Swimming with whale sharks

We landed at Learmonth airport, some 37km outside the town of Exmouth, our destination. If anyone is thinking of coming here, beware the car hire charges. We discovered that our daily allowance of 100km a day began in town, thus, we had already used 37km (and the fuel) before we sat in the car and would use another 37km to get back to town. In addition, we had to pay a delivery charge to pick up the car and a collection charge to drop it off. Finally, when we return the car full of petrol, we also had to pay for another 37km which, apparently, is equivalent to 7 litres of fuel, for the car to go back to town with the collection man. It’s all in the small print on their website and is perfectly acceptable because every other car hire company does it!

Not having any accommodation booked, we headed for the Information Centre to discover our options. They turned out to be somewhat limited it being the Easter weekend holidays and we ended up in accommodation that was a lot more expensive than we would have wished – but it was very comfortable.

exmouth-whale-shark-australia-Suenson-Taylor-001Exmouth is a small place and it is hard to work out its purpose. It has some superb scuba diving, some great fishing and some wonderful beaches but these alone cannot be enough to support the town.

Originally, it was a tiny port surviving on shrimping. Then, in 1965, the Americans came along and built a communications base that would, together with other bases in Guam and Mexico, cover the entire Pacific Ocean. The 13 spindly high towers, the tallest being 387m, are arranged in the shape of a Star of David and emit low frequency waves that are especially good at reaching submarines within 50m of the surface. The US being a country that does not do anything by halves, built an enormous accommodation compound, complete with entertainment facilities, and funded a fully equipped hospital and school in the town centre. They even made everyone drive on the wrong side of the road anywhere near the base. Apart from a few technicians, the Americans have now left but they continue to fund the local school and hospital to support those left behind.

exmouth-whale-shark-australia-Suenson-Taylor-002The locals boost their capacity to deal with the seasonal visitors by taking on temporary staff, backpackers mostly, and this seems to be the norm all over Australia. Temporary staff do not get paid much and are generally working so as to replenish the wallet before travelling onward. Those that employ them want cheap, temporary labour and do not bother to provide proper training. These temporary staff are used often as frontline staff: receptionists, waiters, bar staff and shop assistants. The result is a consistently poor level of customer service. And when it came to poor service, the restaurants in the town excelled themselves. Two and a half hours for a one course dinner with coffee was normal and it wasn’t as if the food was much good! After two nights we started cooking in our room: better food, better service and more smiles!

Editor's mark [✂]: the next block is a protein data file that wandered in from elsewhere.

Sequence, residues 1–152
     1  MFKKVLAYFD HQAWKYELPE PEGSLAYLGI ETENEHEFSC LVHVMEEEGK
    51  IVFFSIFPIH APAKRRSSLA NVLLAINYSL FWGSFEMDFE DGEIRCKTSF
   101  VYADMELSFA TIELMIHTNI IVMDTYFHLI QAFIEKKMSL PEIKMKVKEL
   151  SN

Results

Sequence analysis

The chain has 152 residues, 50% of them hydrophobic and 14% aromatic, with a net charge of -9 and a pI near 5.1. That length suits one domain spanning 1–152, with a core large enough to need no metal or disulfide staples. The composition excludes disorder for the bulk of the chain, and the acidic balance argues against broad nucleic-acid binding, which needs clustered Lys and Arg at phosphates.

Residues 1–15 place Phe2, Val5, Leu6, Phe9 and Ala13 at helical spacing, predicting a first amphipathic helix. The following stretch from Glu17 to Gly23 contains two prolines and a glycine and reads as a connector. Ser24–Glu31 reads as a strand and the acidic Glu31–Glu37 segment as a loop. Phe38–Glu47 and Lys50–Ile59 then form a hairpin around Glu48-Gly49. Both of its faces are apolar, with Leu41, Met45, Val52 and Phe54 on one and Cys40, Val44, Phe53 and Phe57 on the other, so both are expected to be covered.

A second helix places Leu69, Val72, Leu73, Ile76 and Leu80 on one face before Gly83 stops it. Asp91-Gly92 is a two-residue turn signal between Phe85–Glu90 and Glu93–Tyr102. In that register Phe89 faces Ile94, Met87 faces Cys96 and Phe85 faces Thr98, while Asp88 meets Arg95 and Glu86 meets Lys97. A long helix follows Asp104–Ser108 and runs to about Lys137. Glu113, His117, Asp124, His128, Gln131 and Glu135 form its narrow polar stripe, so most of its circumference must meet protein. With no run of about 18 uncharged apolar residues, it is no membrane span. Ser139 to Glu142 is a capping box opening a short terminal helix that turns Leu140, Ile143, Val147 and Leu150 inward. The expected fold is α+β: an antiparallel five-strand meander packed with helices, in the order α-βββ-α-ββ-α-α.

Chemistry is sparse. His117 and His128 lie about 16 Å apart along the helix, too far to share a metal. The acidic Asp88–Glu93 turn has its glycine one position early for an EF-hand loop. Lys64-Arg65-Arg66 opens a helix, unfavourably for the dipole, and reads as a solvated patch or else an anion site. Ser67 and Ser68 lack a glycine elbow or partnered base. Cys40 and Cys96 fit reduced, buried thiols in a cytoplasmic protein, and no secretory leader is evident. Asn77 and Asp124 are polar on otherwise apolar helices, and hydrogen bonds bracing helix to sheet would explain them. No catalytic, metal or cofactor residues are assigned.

The real attraction in Exmouth is the Ninagloo Reef Marine Park which protects more than 250km of waters containing spectacular marine life. The reef itself is very accessible, lying as close as 50 metres offshore in some places, such as Turquiose Bay, and is home to a staggering array of marine life the whole year round. Every type of saltwater creature seems to pass by at some time of the year and, depending upon the month, it is possible to see humpback whales, whale sharks, orcas, blue whales, sharks of every description, turtles and the giant manta rays. A real treat of one trip out was that we came across a blue whale that surfaced 3 times for our entertainment.

exmouth-whale-shark-australia-Suenson-Taylor-006We did lots of diving and it was all pretty good but the one outstanding area was underneath the Navy Pier at the former US base. The marine life was everywhere, in our face most of the time; white and black tipped reef sharks, woebegone sharks, snorkel nose rays, turtles, a large number of big trevally, potato cod and groupers. In the smaller fish size there were all types of damsel fish, clown fish, sail fish, bat fish, Moorish idols and parrot fish. Moray eels watched us from their homes in the coral and olive sea snakes (very poisonous) slithered around the floor. The coral was not as brilliant as on other dive sites but there was some very rare black coral struggling for space amongst the pier structure.

The dive site claims to be one of the top ten dives in the world and it certainly lived up to its billing. We have explored the underwater world all over the planet and this is probably the best site we have visited over the nine years since our qualification.

The memory that will never be forgotten will be our encounter with a giant grouper that was almost two metres long and probably weighed 50 kilos. She considered herself the Big Fish in the area and had taken a strong dislike to divers. The previous day it had attacked a female diving instructor, forcing her to the surface having ripped off her mask and destroyed her regulator (through which air is delivered to the diver). We had been warned about it and told to swim away should it come near and it would leave us alone.